Then, yesterday, at church, I officially fell in love with Dachney. Since we got here, I've felt a little bit like our branch president didn't like us very much. His name is President Shakirov. He's maybe 32-33 years old, and he's a BOSS. I don't know how he does it. He's just very serious and has a lot on his shoulders. I don't think he was too excited about two 3-monthers taking over the area. But yesterday our relationship seemed totally different.We're best friends now! I think it had something to do with the cookies we gave him last week. But it was more than that, he was telling us about his life, he told us what we could do to help the branch, he asked us our opinion on things, it was awesome. He's the best. 
After our lesson, I just kept asking myself, "Why me?"
I have no idea why Heavenly Father has trusted this area (and this people) to Sister Moffatt and I. I feel like it would be better off in some other missionary's hands. It just goes to show that Heavenly Father has a plan for everything. He knows the beginning from the end, and it will all go according to His plan is we remain worthy of that plan.

Well, that's all I got for this week. I love you all so much. THANK YOU SO MUCH FOR THE PACKAGE, CHANTILLY WARD! I just got it last week. I felt so very loved. I loved all the letters! You're all awesome! Thank you, thank you, thank you! I love you all!

Also, Mom, did you get your b-day package yet?


-Sister Sine

First Letter of 2013

Hey, hey, hey family!

HAPPY 2013! I know that's old news by now, but new years is still alive and kicking here. Russians love their January 1st. Today is actually Russian Orthodox Christmas. No one really cares about it, though, which is kind of sad. 

Last week was an interesting one. We were locked down on Monday and Tuesday because of New Years. I thought it would be fun to be locked in an relax for a day or two, but I was going stir-crazy. Our dvd player broke the DAY BEFORE lockdown, so we were stuck doing other stuff all day. I say that like it was torture; it really wasn't. I just read, studied Russian, wrote letters, cleaned, listend to music, ran on the stairs, cooked, lots of stuff. It was kind of fun, kind of maddening. I missed contacting, actually.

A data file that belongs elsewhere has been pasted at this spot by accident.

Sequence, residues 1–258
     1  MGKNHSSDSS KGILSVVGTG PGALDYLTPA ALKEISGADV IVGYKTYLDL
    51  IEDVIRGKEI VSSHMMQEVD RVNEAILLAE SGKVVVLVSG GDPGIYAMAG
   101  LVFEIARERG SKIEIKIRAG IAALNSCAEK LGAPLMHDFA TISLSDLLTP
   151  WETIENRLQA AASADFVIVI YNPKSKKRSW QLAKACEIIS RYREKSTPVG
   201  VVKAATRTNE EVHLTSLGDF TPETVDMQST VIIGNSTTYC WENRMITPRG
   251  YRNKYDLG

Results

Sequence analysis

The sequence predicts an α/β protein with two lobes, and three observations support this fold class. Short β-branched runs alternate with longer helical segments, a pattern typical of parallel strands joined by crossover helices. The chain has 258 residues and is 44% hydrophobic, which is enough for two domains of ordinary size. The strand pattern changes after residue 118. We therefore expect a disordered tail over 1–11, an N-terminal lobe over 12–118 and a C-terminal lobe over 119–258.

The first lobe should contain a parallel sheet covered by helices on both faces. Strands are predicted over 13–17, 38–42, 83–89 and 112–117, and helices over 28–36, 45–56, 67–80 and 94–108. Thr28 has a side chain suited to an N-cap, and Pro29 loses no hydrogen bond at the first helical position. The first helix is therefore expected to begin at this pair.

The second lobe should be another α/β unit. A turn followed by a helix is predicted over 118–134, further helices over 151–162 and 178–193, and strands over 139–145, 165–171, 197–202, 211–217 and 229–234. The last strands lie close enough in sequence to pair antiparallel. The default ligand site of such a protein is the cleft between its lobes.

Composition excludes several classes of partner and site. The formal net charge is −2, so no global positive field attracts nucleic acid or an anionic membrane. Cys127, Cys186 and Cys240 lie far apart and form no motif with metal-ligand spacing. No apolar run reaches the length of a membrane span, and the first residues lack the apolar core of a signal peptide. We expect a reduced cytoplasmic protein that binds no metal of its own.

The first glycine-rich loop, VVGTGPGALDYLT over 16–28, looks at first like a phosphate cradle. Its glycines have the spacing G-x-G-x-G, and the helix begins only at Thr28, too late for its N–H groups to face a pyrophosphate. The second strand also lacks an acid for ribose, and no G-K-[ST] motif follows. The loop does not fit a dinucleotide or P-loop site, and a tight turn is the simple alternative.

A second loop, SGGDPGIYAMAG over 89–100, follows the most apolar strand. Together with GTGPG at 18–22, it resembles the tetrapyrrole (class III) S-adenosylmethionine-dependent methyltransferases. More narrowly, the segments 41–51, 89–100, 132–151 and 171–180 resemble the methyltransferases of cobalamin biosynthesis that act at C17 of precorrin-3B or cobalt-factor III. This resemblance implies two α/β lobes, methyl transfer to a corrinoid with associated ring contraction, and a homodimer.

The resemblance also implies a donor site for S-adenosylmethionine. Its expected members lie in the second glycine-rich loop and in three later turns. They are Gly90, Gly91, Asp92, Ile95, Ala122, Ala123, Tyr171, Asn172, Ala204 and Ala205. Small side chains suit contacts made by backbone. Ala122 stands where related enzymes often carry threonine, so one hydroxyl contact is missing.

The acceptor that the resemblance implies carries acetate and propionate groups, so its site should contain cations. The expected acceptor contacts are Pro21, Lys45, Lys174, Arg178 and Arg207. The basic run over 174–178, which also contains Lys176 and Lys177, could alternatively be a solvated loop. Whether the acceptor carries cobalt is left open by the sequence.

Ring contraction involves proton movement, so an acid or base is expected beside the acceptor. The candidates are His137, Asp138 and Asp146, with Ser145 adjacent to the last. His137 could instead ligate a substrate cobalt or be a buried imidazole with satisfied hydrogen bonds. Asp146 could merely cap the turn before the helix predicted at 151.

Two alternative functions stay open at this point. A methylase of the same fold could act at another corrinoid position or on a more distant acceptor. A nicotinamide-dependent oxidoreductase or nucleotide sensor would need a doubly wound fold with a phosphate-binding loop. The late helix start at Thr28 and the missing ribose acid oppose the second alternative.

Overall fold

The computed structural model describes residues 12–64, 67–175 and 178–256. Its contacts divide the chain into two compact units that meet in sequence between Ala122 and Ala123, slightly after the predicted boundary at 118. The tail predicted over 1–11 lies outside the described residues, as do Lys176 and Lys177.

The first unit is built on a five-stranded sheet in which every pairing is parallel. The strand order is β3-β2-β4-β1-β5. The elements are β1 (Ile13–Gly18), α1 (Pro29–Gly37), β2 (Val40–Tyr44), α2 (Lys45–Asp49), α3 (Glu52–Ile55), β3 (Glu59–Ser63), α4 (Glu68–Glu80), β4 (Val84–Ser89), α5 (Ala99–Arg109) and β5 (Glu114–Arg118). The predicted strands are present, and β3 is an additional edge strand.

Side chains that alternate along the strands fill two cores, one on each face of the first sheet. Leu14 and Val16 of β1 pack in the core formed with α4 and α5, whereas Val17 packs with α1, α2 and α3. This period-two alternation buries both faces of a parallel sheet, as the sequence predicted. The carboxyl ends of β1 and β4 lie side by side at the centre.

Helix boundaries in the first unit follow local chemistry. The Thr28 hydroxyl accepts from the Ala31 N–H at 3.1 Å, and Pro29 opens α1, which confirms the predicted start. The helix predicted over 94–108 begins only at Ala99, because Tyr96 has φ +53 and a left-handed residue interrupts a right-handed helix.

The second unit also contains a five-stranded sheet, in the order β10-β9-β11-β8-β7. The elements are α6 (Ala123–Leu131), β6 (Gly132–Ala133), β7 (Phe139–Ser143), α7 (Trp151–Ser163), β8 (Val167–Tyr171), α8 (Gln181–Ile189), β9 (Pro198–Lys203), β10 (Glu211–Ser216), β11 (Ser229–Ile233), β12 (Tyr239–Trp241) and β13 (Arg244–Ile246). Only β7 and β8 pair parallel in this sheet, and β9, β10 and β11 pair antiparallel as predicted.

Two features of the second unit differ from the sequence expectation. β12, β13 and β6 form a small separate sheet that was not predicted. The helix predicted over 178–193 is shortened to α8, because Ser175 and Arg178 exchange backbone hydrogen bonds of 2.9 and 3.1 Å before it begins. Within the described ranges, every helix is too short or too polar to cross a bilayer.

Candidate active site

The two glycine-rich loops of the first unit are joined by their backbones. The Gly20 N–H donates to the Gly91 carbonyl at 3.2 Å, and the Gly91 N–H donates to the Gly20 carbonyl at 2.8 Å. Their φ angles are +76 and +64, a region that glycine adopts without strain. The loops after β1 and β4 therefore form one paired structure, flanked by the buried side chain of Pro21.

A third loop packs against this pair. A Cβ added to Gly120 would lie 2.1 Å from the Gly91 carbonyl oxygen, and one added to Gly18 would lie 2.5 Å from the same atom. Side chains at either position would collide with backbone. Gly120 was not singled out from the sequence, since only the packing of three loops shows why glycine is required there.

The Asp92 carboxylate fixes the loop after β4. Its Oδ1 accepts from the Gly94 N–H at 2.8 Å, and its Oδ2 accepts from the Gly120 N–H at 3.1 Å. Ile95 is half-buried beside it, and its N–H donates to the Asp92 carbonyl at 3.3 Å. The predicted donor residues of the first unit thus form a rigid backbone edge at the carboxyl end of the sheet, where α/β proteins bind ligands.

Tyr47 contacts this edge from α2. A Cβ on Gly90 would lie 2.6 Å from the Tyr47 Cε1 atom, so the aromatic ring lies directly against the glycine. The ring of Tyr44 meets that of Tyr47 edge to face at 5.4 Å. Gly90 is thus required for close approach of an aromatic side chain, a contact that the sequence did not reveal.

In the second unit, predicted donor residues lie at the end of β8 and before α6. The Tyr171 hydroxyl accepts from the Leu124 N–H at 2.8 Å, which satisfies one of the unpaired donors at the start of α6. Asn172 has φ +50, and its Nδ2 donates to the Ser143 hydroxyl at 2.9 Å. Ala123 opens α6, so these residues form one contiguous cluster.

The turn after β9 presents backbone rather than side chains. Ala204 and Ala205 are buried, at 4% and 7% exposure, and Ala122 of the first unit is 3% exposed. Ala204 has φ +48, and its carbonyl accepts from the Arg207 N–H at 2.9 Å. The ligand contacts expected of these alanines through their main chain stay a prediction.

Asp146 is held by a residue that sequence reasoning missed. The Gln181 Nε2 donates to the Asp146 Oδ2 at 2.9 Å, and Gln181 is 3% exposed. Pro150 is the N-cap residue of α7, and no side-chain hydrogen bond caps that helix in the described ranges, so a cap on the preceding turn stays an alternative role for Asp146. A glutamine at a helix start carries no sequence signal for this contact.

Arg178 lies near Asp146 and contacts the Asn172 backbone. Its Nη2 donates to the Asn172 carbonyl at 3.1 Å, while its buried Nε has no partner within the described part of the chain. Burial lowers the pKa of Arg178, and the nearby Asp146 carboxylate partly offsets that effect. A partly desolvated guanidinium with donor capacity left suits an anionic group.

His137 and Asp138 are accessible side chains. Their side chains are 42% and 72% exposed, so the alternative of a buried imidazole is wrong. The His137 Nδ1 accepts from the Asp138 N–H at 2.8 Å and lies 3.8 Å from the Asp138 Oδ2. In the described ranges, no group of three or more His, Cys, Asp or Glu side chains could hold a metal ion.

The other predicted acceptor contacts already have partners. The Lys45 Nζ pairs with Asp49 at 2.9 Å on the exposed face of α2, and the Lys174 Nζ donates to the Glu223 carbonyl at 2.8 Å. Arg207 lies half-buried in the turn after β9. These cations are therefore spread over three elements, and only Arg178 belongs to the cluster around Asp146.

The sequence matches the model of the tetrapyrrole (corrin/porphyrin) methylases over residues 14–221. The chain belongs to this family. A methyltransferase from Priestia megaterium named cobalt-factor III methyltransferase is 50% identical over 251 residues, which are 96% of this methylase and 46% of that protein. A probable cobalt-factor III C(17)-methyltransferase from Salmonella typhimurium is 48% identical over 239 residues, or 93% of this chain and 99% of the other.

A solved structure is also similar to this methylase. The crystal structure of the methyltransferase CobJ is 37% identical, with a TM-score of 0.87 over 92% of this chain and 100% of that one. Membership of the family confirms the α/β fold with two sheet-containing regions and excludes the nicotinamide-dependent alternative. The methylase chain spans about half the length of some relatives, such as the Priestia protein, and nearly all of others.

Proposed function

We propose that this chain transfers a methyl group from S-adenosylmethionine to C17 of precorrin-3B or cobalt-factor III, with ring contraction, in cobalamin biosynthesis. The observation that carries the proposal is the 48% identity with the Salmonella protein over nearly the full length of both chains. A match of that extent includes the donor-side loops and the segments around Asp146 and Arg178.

The next day we had something kind of cool happen while out contacting. Sister Moffatt and I decided to do "crazy-person" contacting where, well, we act like crazy people. We don't let ANYONE get past us without talking to us. We walked down the main street in Dachney, which has a long walkiong park going down the right side, perfect for contacting. We talked to EVERYONE. Well, every woman. We wished them a happy new year, talked about their families, blah, blah, blah. Some women loved it. Some women didn't like it at all. WELL, we were walking up behing an older woman, but I didn't know if we'd talked to her already. All the older women dress really similarly here, and I didn't want to bother someone who'd already told us to get lost. So, we passed her. Not two seconds after we passed, I heard her yell, "Girls! Girls! Help me, help me please!"

Thanks, Heavenly Father. I get it.

So we turned around and helped her over some patches of ice. Afterwards, when any other woman would've just said, "thank you, girls" and walked away, she just stood there, waiting for us to talk to her. Haha. So we did just that. We explained who we were, what we were doing Russia, etc. She looked at our Book of Mormon and said, "What's that?! I love to read?"

Seriously, I get it, Heavenly Father.